Trust & Foundation services
Malta has trust and foundation legislation that allows for more efficient tax planning in a variety of situations.
Malta has enacted the Trusts and Trustees Act (Chapter 331 of the Laws of Malta) to allow for the creation of trusts in Malta. The legislation regulates situations where the settlor and beneficiaries of the trust are all non-resident in Malta or hold Permanent Residence Permits in Malta and the tax implications of trusts are limited to these situations. Where the settlor and/or beneficiaries are resident in Malta, the tax situation is completely different.
The MFSA (The Malta Financial Services Authority) is the Regulator for financial services in Malta and is the Authority responsible for the regulation, supervision and authorization of trustees in Malta.
A trust can come into existence by an instrument in writing, or by a will, or by a unilateral declaration of trust by the trustee. A trust can be set up in such a way whereby the settlor is the sole beneficiary and even a company (whether registered in Malta or not) can be the sole beneficiary of a trust. Trusts can be fixed, discretionary or charitable in the usual recognized way.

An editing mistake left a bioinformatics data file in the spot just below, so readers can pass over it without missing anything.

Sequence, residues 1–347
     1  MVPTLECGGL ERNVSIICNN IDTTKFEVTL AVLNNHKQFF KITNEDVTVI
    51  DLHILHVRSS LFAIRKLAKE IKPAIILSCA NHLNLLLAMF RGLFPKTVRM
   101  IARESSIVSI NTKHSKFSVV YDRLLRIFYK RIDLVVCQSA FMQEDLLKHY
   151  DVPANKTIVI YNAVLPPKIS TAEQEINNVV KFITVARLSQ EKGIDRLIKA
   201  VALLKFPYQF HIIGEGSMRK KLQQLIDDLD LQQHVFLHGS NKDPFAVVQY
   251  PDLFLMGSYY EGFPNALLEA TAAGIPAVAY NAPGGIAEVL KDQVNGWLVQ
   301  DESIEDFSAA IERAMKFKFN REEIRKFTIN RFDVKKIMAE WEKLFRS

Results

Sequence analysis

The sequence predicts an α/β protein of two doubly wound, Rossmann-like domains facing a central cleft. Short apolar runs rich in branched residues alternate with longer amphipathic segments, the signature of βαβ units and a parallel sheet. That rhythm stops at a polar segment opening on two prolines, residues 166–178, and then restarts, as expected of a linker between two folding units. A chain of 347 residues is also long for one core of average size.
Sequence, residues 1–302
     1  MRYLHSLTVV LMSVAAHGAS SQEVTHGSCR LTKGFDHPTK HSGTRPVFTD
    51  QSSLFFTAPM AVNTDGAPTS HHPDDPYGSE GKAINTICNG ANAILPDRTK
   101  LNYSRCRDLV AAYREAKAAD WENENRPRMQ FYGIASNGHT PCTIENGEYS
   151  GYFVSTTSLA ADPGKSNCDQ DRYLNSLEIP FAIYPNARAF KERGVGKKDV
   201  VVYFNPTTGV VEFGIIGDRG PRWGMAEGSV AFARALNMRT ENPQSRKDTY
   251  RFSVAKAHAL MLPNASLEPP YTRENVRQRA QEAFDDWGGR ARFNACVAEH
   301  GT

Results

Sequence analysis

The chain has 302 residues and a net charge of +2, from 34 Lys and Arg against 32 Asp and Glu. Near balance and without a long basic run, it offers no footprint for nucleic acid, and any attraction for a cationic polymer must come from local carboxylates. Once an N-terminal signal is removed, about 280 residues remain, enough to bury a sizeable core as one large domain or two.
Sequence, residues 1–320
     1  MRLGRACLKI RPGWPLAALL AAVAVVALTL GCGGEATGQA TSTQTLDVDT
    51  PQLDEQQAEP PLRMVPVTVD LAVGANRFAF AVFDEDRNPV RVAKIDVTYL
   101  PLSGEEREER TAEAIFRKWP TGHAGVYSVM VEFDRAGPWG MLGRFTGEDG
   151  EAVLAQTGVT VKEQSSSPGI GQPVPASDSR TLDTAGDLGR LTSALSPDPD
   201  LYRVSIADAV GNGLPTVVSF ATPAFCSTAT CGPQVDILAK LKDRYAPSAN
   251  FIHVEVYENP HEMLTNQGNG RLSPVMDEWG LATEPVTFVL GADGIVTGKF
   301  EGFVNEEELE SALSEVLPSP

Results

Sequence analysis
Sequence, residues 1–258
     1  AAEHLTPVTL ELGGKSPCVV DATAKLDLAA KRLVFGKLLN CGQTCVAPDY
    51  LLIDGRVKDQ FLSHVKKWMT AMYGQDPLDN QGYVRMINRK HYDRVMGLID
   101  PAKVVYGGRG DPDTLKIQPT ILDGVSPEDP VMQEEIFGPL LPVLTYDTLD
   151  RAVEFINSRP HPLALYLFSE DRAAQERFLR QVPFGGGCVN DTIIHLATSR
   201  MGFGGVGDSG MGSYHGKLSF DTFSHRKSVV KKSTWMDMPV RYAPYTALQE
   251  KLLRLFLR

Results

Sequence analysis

Legislation in Malta allows the founder to set up a ‘private’ or a ‘purpose’ foundation. A foundation is defined as:
“An organisation consisting of a universality of things constituted in writing, including by means of a will, by a founder or founders whereby assets are destined either (a) for the fulfillment of a specified purpose or (b) for the benefit of a named person or class of persons, and are entrusted to the administration of a designated person or persons. The patrimony, namely assets and liabilities, of the foundation is kept distinct from that of its founder, administrators or any beneficiaries.”
A private foundation is set up by the founder for the private benefit of one or more persons, or a defined class of persons in which the beneficiaries must be identified. Unlike a charitable foundation, a private foundation does not solicit funds from the public. On the other hand, a public foundation may be set up for a particular lawful purpose.
Our law provides that a foundation must be constituted in writing, via a public deed inter vivos or a public or secret will. The deed of the foundation must also be registered with the Office of the Registrar of Legal Persons, which is an office set up for the specific purpose of undertaking the registration of legal persons in general.
The general rule is that the term of a Foundation’s life cannot exceed 100 years and where no term is specified, a Foundation shall last for 100 years from its establishment. Exceptions exist in certain cases.
We will be happy to provide you more information about Trusts, Foundations and their tax implications based on your situation. Click here to contact us.